Price action remained choppy but bullish this week on Wall Street, but the rally became a tad weaker “under-the-hood” due to lingering economic uncertainty. The Nasdaq and the S&P 500 both hit new all-time highs in the face of the pronounced relative weakness of the Dow, and several key cyclical sectors and investors also shrugged off the troubling European COVID trends. The ongoing stimulus talks and the improving U.S. numbers dominated headlines, with the high-flying tech companies such as Apple (AAPL) and Tesla (TSLA) also turning heads. The Democratic convention didn’t provide big surprises, as Joe Biden officially became the presidential nominee of the party, going into the last ten weeks of the campaign with sizable lead (according to the latest polls).
The week’s key economic releases leaned bullish once again, but some of the forward-looking measures pointed to a drop in the speed of the recovery. The manufacturing sector cooled down according to the Empire State Manufacturing Index and the Philly Fed Index, and the surprising increase in the number of new jobless claims also weighed on investor sentiment. The number of continuing claims dropped below 15 million, but that number still suggests that further government measures are needed to stabilize the job market. The CB Leading Index, housing starts, building permits, existing home sales the NAHB Housing Market Index, and the Markit manufacturing and services PMIs all beat expectations, but European woes still put pressure on growth-sensitive stocks.
The technical picture continues to be bullish at the level of the major indices, even though the Dow’s weakness, together with the troubles in the financial sector, is still casting a shadow on the rally. The S&P 500, the Dow, and the Nasdaq all closed the week above their 50-day moving averages, and the indices are also above their 200-day moving averages. Small-caps clearly lagged the broader market this week, erasing some of their recent gains, but the Russell 2000 still closed the week above both its moving averages. The Volatility Index (VIX) ticked higher following the Fed’s meeting minutes, and despite its multi-month bearish trend, the “fear-gauge” is still stubbornly holding above the widely-watched 20 level.
Market internals deteriorated somewhat due to the weakness of small-caps and cyclical issues, but the most reliable breadth measures are still confirming the bull market. The Advance/Decline line turned lower following several bullish weeks, as advancing issues once again outnumbered decliners by a 5-to-4 ratio on the NYSE, and by a 6-to-5 ratio on the Nasdaq. The average number of new 52-week highs declined on both exchanges, falling to 43 on the NYSE and 61 on the Nasdaq. The number of new lows edged higher in the meantime, increasing to 6 on the NYSE, and to 13 on the Nasdaq. The percentage of stocks above their 200-day moving average also dropped from last week’s multi-month high, but the measure still closed the week well above 50%, near 55%.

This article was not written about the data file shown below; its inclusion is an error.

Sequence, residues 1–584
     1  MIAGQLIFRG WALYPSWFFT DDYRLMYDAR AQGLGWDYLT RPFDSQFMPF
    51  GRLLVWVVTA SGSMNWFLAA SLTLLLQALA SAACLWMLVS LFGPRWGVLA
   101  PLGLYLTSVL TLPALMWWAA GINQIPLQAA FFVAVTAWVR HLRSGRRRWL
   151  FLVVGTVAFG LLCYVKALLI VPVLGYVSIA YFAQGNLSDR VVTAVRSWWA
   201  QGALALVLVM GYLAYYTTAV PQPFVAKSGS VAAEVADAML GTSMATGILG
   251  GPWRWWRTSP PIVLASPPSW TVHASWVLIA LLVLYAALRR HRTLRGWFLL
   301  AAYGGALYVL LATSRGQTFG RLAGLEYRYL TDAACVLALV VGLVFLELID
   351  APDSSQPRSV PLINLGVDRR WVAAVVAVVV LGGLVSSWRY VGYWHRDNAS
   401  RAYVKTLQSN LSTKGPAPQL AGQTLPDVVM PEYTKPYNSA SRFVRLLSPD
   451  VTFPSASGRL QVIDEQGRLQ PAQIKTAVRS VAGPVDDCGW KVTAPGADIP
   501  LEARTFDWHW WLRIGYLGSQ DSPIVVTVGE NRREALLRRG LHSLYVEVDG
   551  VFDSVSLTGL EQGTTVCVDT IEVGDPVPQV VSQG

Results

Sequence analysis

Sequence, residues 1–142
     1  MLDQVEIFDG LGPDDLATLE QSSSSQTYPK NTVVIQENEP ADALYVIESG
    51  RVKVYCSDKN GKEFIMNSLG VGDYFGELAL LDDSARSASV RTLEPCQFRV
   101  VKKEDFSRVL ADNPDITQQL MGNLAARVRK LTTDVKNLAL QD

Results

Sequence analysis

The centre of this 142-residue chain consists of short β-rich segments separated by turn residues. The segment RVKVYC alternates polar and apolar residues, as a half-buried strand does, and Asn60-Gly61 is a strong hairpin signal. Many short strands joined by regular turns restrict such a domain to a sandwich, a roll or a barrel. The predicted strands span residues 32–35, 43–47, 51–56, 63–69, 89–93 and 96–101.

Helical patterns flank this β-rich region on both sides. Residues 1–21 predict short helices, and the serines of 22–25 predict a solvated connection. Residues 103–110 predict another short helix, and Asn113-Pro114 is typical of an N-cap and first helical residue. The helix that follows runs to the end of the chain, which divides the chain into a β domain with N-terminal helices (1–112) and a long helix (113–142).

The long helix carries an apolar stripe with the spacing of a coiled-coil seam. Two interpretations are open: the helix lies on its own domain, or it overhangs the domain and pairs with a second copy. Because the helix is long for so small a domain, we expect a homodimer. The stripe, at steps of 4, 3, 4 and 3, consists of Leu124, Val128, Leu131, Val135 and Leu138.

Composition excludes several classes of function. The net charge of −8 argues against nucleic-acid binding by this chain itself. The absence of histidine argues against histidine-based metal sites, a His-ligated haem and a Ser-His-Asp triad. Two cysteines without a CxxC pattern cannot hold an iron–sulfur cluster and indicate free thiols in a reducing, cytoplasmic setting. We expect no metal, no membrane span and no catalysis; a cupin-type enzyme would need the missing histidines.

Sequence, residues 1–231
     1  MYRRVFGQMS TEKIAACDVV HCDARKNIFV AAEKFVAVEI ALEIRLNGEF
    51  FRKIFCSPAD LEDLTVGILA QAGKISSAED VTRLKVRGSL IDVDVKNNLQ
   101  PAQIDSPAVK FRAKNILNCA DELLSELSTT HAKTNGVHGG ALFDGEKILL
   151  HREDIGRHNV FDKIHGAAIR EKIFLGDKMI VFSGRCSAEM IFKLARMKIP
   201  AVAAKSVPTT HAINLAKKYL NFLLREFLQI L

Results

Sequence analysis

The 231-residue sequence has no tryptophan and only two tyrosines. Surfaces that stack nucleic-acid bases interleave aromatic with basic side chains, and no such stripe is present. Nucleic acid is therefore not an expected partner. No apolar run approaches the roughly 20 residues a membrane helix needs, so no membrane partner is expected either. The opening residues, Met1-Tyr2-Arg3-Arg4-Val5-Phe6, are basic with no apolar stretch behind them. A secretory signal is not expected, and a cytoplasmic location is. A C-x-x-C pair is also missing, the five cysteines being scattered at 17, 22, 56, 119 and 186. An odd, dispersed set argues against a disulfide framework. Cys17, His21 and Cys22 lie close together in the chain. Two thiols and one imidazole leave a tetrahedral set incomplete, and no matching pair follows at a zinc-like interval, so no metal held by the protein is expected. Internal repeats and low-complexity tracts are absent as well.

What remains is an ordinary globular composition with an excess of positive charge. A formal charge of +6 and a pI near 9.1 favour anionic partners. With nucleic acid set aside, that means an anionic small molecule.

Short interest inched slightly higher following several weeks of decreases and the most-shorted issues failed to extend their recent gains despite the Nasdaq’s and the S&P 500’s strength. National Beverages (FIZZ) had a great week, outperforming the broader market yet again, and the stock could be ready to break out of its consolidation pattern, fueled by its short interest of 50%. Carvana (CVNA) also edged higher in the quiet environment, getting closer to its recent all-time high, and the stock still sports a short interest of 40%, adding to the bullish catalysts. C.H. Robinsons is also closing in on its record high, defending its post-earnings gains, and since its days-to-cover (DTC) ratio still stands at 10, bears could be in for a rough ride.
We are in for a very busy week of economic releases, with the Fed also taking center stage. The CB consumer confidence number will be out on Tuesday, the durable goods report will highlight Wednesday’s session, pending home sales will come out on Thursday, while the week will end with the Core PCE Price Index, personal spending, and the Chicago PMI. The Fed’s annual Jackson Hole Symposium will kick off on Thursday, and investors will be eager to hear what the Central Bank has in store in the case of a slower-than-expected recovery. From a technical standpoint, the key breadth measures should be closely monitored by investors in the wake of this week’s divergent price action. Stay tuned!
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